Canadians are ignoring travel insurance for short trips

Published: November 3, 2018

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While travel insurance is often advertised as an essential item, 99% of Canadians taking short one or two-day trips don’t bother buying coverage. Allianz Global Assistance Canada (AGAC) released a study that found less than 1.4% of medical travel insurance purchased through its channels are for one of two-day trips.

“That is concerning, especially when you consider how many Canadians take short trips,” said Dan Keon, vice president of market management with AGAC. “Over 12.5 million Canadians have travelled to the U.S. this year for at least one night, according to Statistics Canada.”

Clearly, most Canadians don’t feel the need to have travel insurance for short hops. However, even a minor broken bone can turn a bill of thousands of dollars at a hospital in the United States. Inpatient situations are even more costly and could cost people tens of thousands of dollars.

Keon says even short trips in Canada should be accompanied by adequate coverage. “Your provincial health insurance plan won’t necessarily cover all costs if you were to be injured or needed medical assistance. For example, ambulance transportation costs, whether by ground or air, are not covered by provincial health care plans in Canada, however, medical travel insurance provides for this eligible benefit to a covered limit.”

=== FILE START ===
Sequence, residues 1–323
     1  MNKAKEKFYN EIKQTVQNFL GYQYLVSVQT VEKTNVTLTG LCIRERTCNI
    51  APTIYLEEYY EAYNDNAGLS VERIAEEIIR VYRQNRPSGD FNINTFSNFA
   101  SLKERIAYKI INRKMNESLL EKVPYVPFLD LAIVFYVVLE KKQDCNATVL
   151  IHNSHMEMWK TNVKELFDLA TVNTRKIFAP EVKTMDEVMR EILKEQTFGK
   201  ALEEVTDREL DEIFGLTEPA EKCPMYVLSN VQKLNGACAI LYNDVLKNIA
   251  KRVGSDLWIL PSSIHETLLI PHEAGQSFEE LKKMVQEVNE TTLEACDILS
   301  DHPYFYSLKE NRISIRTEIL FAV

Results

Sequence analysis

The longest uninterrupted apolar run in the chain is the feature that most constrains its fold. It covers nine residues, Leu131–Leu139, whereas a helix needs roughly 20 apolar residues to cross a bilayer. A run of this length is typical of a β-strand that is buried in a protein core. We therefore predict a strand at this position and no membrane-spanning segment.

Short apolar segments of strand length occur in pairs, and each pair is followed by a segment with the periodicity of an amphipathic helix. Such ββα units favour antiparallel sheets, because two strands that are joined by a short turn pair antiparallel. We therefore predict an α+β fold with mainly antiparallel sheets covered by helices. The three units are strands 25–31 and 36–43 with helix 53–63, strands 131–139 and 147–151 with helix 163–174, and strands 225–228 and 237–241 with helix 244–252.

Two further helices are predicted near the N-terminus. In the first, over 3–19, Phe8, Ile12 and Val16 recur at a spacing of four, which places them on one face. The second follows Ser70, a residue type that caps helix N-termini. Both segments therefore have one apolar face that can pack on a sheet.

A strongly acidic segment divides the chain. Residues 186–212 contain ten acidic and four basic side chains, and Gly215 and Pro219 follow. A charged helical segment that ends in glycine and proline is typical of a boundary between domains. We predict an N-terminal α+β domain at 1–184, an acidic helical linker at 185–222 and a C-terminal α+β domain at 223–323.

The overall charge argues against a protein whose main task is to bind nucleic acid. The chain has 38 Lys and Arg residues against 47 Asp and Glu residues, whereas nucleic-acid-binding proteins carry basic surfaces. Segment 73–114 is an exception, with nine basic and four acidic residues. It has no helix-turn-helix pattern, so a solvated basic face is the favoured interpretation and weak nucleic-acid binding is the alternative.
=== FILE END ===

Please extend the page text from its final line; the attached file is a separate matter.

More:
AGAC urges customers to purchase travel insurance immediately after they have booked their travel arrangements.

Happy Travelling

The results of the study arguably show Canadians are unknowledgeable on when to buy travel insurance. However, earlier in this year, a separate study showed Canadians are happy with travel coverage, when they buy it.

Earlier this year, Pollara Strategic Insights published data that showed over 80 per cent of participants with medical travel insurance are “satisfied with the product” and 98% had successful claims.

The study featured 1,200 adult Canadians. Satisfaction was high, and while many claims have been successful, they are the biggest cause of problems. 31% of participants who made a claim say they have an issue with the process. The chief issues were how long the claim took to process and an unclear system of requirements. However, it is worth noting the number of people unhappy with the claim declined over recent years, down 7% from 38% in 2015.